|Other author/creator||Walter, John, 1948-|
|Other author/creator||Braddick, M. J. (Michael J.), 1962-|
|Other author/creator||Withington, Phil.|
|Other author/creator||Christ's College (University of Cambridge)|
||Studies in early modern cultural, political and social history, 1476-9107 ; volume 26
Studies in early modern cultural, political and social history ; v. 26.
||One of the most notable currents in social, cultural and political historiography is the interrogation of the categories of 'elite' and 'popular' politics and their relationship to each other, as well as the exploration of why and how different sorts of people engaged with politics and behaved politically. While such issues are timeless, they hold a special importance for a society experiencing rapid political and social change, like early modern England. No one has done more to define these agendas for early modern historians than John Walter. His work has been hugely influential, and at its heart has been the analysis of the political agency of ordinary people. The essays in this volume engage with the central issues of Walter's work, ranging across the politics of poverty, dearth and household, popular political consciousness and practice more broadly, and religion and politics during the English revolution.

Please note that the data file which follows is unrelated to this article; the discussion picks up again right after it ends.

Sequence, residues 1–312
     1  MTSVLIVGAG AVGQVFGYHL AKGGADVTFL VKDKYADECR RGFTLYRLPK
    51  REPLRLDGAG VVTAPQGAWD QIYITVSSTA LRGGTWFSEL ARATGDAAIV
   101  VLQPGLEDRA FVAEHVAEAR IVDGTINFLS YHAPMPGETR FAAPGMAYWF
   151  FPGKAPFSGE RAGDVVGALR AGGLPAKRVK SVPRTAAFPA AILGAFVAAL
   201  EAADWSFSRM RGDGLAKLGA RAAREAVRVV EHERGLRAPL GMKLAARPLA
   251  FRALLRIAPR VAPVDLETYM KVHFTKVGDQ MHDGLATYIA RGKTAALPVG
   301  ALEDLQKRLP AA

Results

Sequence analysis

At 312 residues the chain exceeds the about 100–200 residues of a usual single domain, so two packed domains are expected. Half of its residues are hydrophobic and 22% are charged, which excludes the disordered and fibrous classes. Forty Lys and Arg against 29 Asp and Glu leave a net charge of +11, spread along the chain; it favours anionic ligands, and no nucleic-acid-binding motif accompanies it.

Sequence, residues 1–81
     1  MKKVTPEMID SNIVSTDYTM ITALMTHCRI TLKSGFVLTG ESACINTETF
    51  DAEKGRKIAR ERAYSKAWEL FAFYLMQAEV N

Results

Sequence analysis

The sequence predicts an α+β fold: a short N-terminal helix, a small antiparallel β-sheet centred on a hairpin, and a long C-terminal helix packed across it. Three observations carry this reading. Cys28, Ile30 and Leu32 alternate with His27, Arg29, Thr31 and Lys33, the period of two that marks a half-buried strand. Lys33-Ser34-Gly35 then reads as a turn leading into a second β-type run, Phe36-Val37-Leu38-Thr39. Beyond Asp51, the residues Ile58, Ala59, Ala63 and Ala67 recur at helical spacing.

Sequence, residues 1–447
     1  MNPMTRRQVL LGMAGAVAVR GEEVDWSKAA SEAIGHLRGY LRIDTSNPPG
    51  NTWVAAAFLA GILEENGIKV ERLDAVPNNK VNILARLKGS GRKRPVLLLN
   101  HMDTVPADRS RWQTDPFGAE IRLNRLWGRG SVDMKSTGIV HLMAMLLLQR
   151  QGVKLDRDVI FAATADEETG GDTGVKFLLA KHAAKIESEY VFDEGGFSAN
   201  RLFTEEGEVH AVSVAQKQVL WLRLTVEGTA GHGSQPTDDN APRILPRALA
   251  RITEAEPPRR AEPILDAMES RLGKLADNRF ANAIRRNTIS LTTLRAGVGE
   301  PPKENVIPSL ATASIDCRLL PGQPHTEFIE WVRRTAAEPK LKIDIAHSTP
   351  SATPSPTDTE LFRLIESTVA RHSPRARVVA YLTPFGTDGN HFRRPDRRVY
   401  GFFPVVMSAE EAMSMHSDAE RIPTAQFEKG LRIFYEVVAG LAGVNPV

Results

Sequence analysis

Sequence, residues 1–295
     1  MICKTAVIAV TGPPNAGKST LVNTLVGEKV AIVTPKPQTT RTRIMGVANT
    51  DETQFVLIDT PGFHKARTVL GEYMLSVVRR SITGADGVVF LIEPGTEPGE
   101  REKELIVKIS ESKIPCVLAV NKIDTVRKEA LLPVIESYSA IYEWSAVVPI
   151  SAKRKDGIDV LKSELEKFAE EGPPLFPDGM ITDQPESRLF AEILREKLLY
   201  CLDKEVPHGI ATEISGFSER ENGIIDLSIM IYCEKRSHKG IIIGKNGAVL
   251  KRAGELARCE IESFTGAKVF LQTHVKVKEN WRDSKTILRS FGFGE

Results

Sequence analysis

|General note||"This collection arises from a conference held to mark John Walter's 65th birthday at Christ's College, Cambridge, in March 2013"--P. xiii.|
|Bibliography note||Includes bibliographical references and index.|
|Access restriction||Available only to authorized users.|
|Technical details||Mode of access: World Wide Web|